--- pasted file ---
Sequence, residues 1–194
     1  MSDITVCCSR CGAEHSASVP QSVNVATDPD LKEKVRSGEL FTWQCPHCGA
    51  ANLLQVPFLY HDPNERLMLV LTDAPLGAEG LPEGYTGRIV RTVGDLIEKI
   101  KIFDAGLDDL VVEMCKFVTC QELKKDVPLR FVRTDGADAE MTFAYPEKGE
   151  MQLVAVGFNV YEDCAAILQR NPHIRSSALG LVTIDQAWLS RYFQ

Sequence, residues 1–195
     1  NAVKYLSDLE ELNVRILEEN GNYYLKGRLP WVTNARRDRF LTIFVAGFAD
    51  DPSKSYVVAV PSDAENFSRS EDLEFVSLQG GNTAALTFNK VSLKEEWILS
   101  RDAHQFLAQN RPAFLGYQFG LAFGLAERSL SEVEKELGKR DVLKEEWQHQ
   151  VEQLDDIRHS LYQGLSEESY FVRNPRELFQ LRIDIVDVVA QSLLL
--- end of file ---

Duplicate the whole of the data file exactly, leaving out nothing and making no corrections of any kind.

Sequence, residues 1–194
     1  MSDITVCCSR CGAEHSASVP QSVNVATDPD LKEKVRSGEL FTWQCPHCGA
    51  ANLLQVPFLY HDPNERLMLV LTDAPLGAEG LPEGYTGRIV RTVGDLIEKI
   101  KIFDAGLDDL VVEMCKFVTC QELKKDVPLR FVRTDGADAE MTFAYPEKGE
   151  MQLVAVGFNV YEDCAAILQR NPHIRSSALG LVTIDQAWLS RYFQ

Sequence, residues 1–195
     1  NAVKYLSDLE ELNVRILEEN GNYYLKGRLP WVTNARRDRF LTIFVAGFAD
    51  DPSKSYVVAV PSDAENFSRS EDLEFVSLQG GNTAALTFNK VSLKEEWILS
   101  RDAHQFLAQN RPAFLGYQFG LAFGLAERSL SEVEKELGKR DVLKEEWQHQ
   151  VEQLDDIRHS LYQGLSEESY FVRNPRELFQ LRIDIVDVVA QSLLL